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Nvida Updates Its GPU Roadmap at GTC 2013

By - Source: Nvidia | B 38 comments

At GTC 2013, Nvidia CEO Jen-Hsun Huang outlined a future where "mobile, desktop and supercomputer technologies intersect in powerful and surprising ways".

At this year's GPU Technology Conference, Nvidia's CEO outlined the company's roadmap for desktop and mobile platforms and described how "GPUs are already finding their way into applications that were undreamed of a decade ago".

He also noted that last year's Kepler GPU architecture has been a "runaway hit for gamers" and underpins a "new generation of hyper-efficient supercomputers" including the GeForce GTX Titan. The roadmap aims to "put the efficiency and speed of our massively-parallel GPU architectures into an ever-broader array of devices" ranging from mobile to supercomputer.

Starting with Nvidia's desktop GPUs, Maxwell will offer unified virtual memory, providing CPUs with access to the speedy memory built into GPUs and vice versa. Following on from Maxwell will be Volta that introduces the idea of 'stacked DRAM' that piles memory modules directly atop the GPU cores and gives the GPUs access to a bandwidth of 1 TB/s or enough to move a full Blu-ray disc of content in 0.02 seconds.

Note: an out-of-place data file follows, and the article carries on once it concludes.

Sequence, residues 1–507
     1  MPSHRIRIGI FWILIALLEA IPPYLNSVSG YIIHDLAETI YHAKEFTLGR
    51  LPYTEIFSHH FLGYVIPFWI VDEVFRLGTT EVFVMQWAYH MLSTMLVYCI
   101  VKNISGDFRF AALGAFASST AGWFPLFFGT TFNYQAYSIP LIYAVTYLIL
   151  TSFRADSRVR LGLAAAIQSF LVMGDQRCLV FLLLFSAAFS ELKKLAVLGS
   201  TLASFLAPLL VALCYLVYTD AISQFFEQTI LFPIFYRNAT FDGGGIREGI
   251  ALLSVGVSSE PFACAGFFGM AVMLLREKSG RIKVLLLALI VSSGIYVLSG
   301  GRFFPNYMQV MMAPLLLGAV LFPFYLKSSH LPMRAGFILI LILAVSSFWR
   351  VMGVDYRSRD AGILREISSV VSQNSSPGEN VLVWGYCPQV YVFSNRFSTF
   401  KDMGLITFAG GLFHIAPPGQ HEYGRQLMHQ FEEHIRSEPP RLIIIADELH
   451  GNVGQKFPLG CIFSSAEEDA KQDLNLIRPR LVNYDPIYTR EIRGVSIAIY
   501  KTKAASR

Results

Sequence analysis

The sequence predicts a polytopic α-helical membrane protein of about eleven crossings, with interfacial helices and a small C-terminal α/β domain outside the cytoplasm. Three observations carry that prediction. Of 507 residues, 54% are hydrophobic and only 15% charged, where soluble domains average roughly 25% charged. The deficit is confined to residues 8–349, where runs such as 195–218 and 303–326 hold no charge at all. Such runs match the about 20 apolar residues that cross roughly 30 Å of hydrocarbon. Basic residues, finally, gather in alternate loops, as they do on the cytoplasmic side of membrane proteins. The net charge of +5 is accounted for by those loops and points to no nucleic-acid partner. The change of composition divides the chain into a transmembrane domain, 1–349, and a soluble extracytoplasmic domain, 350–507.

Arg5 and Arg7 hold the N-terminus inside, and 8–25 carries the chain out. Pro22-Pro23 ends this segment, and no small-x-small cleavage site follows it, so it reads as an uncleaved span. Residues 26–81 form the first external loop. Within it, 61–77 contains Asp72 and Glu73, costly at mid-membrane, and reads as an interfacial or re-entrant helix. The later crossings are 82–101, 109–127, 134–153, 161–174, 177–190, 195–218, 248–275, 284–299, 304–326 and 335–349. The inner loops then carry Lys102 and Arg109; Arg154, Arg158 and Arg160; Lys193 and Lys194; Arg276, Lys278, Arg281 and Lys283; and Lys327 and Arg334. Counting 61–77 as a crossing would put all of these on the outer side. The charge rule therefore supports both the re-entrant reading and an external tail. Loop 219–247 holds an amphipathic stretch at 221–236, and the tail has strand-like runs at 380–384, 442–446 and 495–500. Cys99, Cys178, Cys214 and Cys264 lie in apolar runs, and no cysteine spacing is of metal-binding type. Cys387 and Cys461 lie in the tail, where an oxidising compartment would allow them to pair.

With regards to mobile processors, Logan will pair ARM based mobile processors with Kepler GPUs and provide mobile devices with access to technologies such as PhysX, CUDA 5 and OpenGL 4.3. The Parker architecture will combine 64-bit ARM CPU cores with the next generation Maxwell GPU to provide server-esque functionality including the ability to "gulp down big chunks of data".


We've been impressed by the content and ambitiousness of the GTC presentation and are looking forward to both Nvidia's upcoming architectures and perhaps getting our hands on Jen-Hsun Huang's jacket! For a play-by-play from the keynote, check out our liveblog!


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Top Comments
  • 13 Hide
    Memnarchon , March 20, 2013 10:15 AM
    "Nvida Updates Its GPU Roadmap at GTC 2013"
    I think its Nvidia. :p 
  • 11 Hide
    de5_Roy , March 20, 2013 10:08 AM
    nvidia is really saying,"we'll get there when tsmc gets there. until then you'll just have to wait and buy our overpriced cards(gtx 650ti, gtx 680, titan)."
    the jacket was the real highlight!
    nvidia doesn't have a capable or existent cpu to compete against hsa. build the cpu first, brag later.
Other Comments
  • 11 Hide
    de5_Roy , March 20, 2013 10:08 AM